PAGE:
Posted in Book Review, Books I have read

The People at Number 9 – Felicity Everett

Contemporary Fiction

The People at Number 9 is a razor-sharp, entertaining story looking at adult friendships, in this case with the neighbours. Sara is overjoyed when she spots a couple with children of a similar age to her own moving into the house next door. At first on a practical level, the house has been a bit neglected and could do with sprucing up but later, when she is chatting with Carol from down the road, she gets a closer look at her arty new neighbour, Lou, and sees something in her that she feels is missing from her life.

This is not, as the title and cover might suggest a domestic thriller, rather it takes a close look at how other people change the way we see ourselves, and in turn perhaps how others see us. Sara is impressed and overawed when she finds out Lou is a film producer and her husband, the handsome Gav, is an artist and instead of joining her old friend and neighbour Carol in sneering at the new neighbour’s bohemian lifestyle, she embraces the lack of convention, or would, if she could just lose some of those middle-class values.

The early chapters narrated by Sara show us how Lou weaves her spell on Sara in particular as she invites confidence, listens with interest and reveals nuggets about the life they have left behind in rural Spain. It is only on reflection that Sara realises that she knows very little about the pair and really she’s too dazzled to really look.

For a long while Sara has longed to do more with her talents than work as a copy writer at an advertising agency and as she becomes more friendly with Lou, her neighbour’s praise encourages her to write a book instead. Meanwhile her steady husband Neil who has worked hard to climb the heady heights of the local housing association is pulled along in Sara’s wake and soon all the couple’s social life is spent with the neighbours, previous friends simply not feeling bright and sparkly enough against this pair.

With Gav and Lou’s children attending the same school the children are also forced together for longer than they would naturally choose to be, especially as Lou is often busy doing very important arty things with very important people, whose names she litters her conversations with so that the less well-connected Sara is unsure whether she should have heard of them. The upshot is that Sara is only too pleased to be able to be the safe pair of hands who entertain the children for Lou, especially as she becomes more and more intrigued by Gav. And so the seeds are set, ready to transform the lives of Sara and Neil into something that couldn’t have been predicted before they made friends with the neighbours!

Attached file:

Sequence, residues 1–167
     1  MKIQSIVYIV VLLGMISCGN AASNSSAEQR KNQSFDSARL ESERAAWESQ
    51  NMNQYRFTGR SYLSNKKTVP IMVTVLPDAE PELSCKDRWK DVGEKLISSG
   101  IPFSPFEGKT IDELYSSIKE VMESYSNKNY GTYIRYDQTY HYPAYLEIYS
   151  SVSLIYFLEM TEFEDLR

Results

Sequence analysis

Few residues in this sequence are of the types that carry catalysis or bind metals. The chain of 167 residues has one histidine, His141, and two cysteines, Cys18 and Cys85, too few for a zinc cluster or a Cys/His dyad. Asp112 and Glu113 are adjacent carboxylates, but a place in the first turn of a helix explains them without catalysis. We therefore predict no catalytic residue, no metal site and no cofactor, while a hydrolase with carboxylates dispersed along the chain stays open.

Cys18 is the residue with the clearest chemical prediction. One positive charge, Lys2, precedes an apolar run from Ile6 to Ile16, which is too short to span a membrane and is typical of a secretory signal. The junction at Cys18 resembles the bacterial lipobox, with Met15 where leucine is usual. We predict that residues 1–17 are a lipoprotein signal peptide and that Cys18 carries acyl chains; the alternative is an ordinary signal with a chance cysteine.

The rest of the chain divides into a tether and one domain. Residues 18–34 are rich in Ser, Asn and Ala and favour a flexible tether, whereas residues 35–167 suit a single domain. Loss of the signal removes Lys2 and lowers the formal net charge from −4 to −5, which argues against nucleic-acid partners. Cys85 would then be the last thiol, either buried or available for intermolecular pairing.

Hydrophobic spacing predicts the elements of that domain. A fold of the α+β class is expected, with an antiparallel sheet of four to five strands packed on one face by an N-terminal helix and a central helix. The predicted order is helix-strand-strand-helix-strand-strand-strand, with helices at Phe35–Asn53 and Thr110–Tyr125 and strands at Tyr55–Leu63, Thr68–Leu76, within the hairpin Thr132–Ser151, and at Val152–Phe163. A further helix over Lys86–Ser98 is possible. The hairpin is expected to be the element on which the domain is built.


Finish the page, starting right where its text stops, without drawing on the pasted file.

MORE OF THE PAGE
Having read some early reviews I was prepared for a different kind of read and Felicity Everett really did deliver on a tale of a modern middle-class life and I had the feeling all the way through that there were going to be tears before bedtime, but whose and how dramatic I could only sit back and wait to find out.

I was lucky enough to receive a review copy of The People at Number 9 from the publishers HQ and this unbiased review is my thanks to them and the author for a thoroughly entertaining read.

First Published UK: 6 April 2017
Publisher: HQ
No of Pages: 320
Genre: Contemporary Fiction
Amazon UK
Amazon US


A book lover who clearly has issues as obsessed with crime despite leading a respectable life

21 thoughts on “The People at Number 9 – Felicity Everett

  1. I was all set for a domestic thriller when I read this, so felt a bit thrown. However, the more I thought about it, the more I really liked it and thought it was very well written.


    1. I can understand that and I think having read some reviews you weren’t the only one and it’s hard to get your head around that expectation. I loved the writing especially Sara’s gradual realisation that she’d got in over her head.


  2. I’m glad you enjoyed this one, Cleo, even if it wasn’t quite what you had expected. It sounds like a really interesting look at modern life and the way we interact. Not what I thought it might have been, but still sounds good.


    1. I had an inkling from the reviews that this wasn’t what I’d originally expected but that doesn’t take away from the fact that this is a great observational book where we see what happens when a friendship is toxic.

      Liked by 1 person

  3. I’ve been eyeing this one. I was immediately captivated by the sound of those characters and how Lou cast others under her spell. I knew a neighbor like that, years ago! She had the kind of influence you want to flee from when you realize that someone has had so much control over how you see yourself and others…and that you allowed it. Thanks for sharing.


    1. Ooh I don’t envy you that neighbour and fleeing sounds an excellent option. This book is cleverly written to reveal what could happen if you let someone else pull the strings on your life….


    1. It is one of the odder relationships we have because as you say there is no other common ground (such as work, children, hobbies) I found the author worked the pace of the unveiling of Sara’s realisation on quite how deep she’d got really well.


  4. This books intrigues me. I understand that feeling of being impressed with someone new and how their lives seem better but digging a little deeper and finding maybe they aren’t quite what they seem. I think it’s something people could see in themselves.


  5. Excellent review! I agree the title is a big misleading, but it sounds like a great read anyway. I’m glad you enjoyed it.


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